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Views are mixed on reasons for new Iraqi dinar's vigor

BAGHDAD -- As the euro, yen, and other major currencies surge in value against the wilting dollar, even Iraq's bantamweight upstart -- the "Saddam-free" dinar -- is showing unexpected muscle.

The new Iraqi dinar, introduced last fall to replace notes bearing Saddam Hussein's image, has strengthened by about 25 percent in dollar terms.

The older notes had to be turned in by yesterday -- they had no value after that. Coalition authorities see the dinar's ascent as a vote of confidence in Iraq's economy.

Currency traders, however, blame speculators in neighboring countries for hoarding the dinar and driving up its value in the hope of later dumping it to earn a quick profit.

Much of the dinar's recent gain has come in just the last week.

"This indicates that people are demanding the Iraqi currency, which is really flattering for us. . . . This is now a currency that people want to hold," the deputy governor of the Central Bank of Iraq, Ahmed Salman Jaburi, said yesterday.

One dinar was worth close to 2,000 per dollar when the new notes -- which depict Iraq's important scientific contributions, history, landscape, and economic life -- entered circulation. After trading early Wednesday at 1,400 to the dollar, the dinar spiked that afternoon to 1,100 -- an increase of 21 percent.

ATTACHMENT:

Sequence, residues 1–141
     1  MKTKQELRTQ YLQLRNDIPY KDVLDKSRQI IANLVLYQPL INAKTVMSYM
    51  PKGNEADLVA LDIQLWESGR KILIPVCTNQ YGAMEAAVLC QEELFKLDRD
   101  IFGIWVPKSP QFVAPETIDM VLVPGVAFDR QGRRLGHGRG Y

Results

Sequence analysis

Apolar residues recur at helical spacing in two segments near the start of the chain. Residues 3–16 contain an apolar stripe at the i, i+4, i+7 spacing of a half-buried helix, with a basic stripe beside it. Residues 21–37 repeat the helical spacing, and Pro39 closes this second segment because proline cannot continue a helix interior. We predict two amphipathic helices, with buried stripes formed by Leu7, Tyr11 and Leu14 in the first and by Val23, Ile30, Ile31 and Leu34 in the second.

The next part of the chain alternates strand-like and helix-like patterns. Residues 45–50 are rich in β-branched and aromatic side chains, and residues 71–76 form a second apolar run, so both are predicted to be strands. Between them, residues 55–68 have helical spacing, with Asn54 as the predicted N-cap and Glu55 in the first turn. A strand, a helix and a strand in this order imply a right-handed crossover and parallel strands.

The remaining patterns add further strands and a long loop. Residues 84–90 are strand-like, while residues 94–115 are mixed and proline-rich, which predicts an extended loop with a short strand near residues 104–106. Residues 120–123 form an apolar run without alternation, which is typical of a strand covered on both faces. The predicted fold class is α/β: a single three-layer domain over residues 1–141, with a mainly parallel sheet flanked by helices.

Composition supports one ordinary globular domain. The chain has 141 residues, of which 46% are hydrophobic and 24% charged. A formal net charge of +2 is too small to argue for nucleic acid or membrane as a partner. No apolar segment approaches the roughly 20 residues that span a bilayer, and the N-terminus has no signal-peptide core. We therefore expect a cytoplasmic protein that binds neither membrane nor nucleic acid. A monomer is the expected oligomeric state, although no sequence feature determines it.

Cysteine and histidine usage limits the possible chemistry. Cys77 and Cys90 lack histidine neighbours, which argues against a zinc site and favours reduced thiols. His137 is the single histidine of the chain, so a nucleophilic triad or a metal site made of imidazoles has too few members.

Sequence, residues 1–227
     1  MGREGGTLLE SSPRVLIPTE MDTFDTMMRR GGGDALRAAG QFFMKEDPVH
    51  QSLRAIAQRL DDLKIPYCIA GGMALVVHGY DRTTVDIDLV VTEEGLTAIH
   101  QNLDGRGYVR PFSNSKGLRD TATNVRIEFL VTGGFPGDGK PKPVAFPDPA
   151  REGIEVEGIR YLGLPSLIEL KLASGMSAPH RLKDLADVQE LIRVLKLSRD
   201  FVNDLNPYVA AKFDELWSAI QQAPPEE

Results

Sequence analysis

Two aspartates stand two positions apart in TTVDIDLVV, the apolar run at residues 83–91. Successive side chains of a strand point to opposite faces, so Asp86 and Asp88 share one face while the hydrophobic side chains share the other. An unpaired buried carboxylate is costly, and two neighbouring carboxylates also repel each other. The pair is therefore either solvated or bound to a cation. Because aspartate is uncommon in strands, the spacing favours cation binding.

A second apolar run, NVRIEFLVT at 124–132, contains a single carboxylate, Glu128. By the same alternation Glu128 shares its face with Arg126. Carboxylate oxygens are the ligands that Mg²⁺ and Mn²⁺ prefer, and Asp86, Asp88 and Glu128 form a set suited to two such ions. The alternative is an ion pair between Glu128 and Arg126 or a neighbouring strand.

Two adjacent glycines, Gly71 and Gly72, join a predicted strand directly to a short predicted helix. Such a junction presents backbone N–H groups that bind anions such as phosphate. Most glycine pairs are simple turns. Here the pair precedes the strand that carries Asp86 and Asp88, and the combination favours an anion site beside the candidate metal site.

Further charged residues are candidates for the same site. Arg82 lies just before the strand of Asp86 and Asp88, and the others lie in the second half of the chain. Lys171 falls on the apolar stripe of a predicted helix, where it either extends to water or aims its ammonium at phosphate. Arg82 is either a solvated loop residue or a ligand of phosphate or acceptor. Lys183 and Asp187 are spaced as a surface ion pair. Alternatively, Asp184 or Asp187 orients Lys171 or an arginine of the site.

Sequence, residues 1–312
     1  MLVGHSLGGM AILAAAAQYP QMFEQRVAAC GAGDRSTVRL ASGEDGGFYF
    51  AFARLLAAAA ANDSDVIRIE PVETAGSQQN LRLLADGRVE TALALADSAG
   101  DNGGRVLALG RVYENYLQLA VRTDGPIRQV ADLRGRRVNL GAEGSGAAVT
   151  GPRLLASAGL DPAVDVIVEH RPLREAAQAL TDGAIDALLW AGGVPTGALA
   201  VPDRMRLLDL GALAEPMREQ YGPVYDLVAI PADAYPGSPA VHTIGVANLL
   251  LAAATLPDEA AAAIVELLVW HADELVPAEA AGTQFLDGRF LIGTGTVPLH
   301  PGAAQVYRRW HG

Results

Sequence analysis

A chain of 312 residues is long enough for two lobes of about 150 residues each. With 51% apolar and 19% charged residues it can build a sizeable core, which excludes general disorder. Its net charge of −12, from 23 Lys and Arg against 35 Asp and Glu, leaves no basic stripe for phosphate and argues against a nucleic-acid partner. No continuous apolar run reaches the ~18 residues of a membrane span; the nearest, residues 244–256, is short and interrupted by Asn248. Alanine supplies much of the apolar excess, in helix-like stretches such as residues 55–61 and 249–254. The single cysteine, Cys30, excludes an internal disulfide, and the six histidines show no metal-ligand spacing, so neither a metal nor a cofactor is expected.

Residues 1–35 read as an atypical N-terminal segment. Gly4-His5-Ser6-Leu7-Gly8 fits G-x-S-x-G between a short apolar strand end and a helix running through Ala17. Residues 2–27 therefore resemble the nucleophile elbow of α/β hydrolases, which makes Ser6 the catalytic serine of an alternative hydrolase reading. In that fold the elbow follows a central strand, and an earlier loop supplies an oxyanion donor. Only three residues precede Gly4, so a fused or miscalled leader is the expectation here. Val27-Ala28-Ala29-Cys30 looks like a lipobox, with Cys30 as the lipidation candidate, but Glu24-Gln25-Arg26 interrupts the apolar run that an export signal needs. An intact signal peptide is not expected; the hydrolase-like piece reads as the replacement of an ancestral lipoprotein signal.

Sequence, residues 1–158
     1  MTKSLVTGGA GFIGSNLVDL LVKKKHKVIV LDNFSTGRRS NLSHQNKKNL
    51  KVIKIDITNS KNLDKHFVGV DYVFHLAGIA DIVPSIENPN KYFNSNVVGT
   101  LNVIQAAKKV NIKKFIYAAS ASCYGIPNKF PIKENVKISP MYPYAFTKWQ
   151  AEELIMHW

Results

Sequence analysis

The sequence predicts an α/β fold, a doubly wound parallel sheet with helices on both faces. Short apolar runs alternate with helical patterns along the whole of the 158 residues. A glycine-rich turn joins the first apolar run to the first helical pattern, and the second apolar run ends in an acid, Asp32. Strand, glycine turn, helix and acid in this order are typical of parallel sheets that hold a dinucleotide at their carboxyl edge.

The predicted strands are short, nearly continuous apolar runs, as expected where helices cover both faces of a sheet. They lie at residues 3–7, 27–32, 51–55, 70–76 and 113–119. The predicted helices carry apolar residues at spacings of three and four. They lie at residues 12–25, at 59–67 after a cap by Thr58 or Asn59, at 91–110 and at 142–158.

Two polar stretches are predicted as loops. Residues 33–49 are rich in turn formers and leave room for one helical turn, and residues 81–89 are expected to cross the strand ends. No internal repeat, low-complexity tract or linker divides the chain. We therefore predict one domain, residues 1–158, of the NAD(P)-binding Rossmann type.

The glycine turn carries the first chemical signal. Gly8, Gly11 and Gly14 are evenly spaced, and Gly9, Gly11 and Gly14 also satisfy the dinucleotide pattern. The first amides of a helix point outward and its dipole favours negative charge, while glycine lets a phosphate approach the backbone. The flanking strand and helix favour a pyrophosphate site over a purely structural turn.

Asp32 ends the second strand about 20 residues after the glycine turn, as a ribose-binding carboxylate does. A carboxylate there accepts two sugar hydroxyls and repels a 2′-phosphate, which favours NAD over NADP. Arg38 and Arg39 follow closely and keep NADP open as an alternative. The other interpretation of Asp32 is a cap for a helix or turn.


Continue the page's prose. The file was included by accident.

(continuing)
Some Iraqis said this was the biggest same-day change in their currency's value since late 1995, when the dinar strengthened as the United Nations prepared to relax the economic embargo then in effect against Iraq.

The dinar retreated to 1,300 by late Wednesday and slipped further yesterday to 1,350. Traders and economists alike foresee volatile changes in the dinar's worth in the weeks and months ahead.

Simon Gray, an adviser to the Central Bank of Iraq, said the dinar's rise in recent weeks might not have been justified by improvements in Iraq's economy and political stability. He attributed some of the new dinar's strength to high-tech features such as watermarks and embossed lettering that make it harder to counterfeit compared to Iraq's older currency.

As the dinar has grown stronger, more people have shifted their savings from dollars into dinars in expectations of a further increase in value.

These currency exchanges have added to the dinar's momentum, Gray said.

Currency traders in Baghdad blame speculators in Kuwait, Jordan, and other Arab countries for manipulating the dinar. Adnan Pachachi, the president of Iraq's Governing Council, said he had received reports that large sums of dinars were being sold to buyers in neighboring countries.

"They are making a fortune off Iraq," said Amir Al-Mandalawy, co-owner of a currency exchange shop on Karada Street, one of Baghdad's commercial thoroughfares.

The Central Bank plans to incinerate all the remaining "Saddam" dinars over the next two months.

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